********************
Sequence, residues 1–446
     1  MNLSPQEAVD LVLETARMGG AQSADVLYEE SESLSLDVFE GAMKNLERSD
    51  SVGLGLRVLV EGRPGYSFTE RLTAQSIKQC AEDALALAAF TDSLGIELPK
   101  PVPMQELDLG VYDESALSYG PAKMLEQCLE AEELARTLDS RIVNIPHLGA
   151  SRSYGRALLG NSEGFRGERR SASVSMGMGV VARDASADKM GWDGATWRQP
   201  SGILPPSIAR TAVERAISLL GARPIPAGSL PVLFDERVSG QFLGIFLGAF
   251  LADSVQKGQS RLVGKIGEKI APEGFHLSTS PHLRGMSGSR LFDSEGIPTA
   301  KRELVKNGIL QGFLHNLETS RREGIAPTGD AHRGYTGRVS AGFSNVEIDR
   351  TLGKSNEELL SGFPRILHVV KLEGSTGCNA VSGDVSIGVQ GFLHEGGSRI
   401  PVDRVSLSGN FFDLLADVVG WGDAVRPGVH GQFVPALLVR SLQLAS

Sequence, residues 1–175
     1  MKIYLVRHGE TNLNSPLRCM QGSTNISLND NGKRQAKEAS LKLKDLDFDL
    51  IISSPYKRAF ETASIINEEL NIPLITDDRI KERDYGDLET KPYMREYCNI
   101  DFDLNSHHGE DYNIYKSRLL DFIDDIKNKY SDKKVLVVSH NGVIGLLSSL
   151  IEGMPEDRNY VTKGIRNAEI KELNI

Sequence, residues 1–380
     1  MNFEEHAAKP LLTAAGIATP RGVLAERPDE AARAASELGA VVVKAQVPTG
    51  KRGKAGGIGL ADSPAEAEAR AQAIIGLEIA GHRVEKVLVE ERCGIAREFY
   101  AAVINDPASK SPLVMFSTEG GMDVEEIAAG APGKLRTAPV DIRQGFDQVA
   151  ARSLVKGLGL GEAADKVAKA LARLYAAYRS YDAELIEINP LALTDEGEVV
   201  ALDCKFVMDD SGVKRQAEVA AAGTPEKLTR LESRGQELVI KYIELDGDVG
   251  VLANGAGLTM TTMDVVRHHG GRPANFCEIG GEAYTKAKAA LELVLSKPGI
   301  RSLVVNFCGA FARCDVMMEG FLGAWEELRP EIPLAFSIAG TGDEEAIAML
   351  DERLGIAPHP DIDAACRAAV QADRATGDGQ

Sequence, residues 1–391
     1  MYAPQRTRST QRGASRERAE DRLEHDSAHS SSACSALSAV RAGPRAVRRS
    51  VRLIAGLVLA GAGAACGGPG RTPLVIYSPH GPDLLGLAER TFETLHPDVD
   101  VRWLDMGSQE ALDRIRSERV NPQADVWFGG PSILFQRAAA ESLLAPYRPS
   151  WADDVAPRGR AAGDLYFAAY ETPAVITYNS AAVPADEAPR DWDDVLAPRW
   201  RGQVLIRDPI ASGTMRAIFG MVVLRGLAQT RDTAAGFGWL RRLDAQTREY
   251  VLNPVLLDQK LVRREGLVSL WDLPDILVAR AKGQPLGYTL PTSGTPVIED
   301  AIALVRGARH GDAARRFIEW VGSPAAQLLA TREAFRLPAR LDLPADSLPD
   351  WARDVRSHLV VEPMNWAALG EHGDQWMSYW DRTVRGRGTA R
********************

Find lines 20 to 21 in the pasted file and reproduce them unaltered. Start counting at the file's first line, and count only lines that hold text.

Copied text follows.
   151  ARSLVKGLGL GEAADKVAKA LARLYAAYRS YDAELIEINP LALTDEGEVV
   201  ALDCKFVMDD SGVKRQAEVA AAGTPEKLTR LESRGQELVI KYIELDGDVG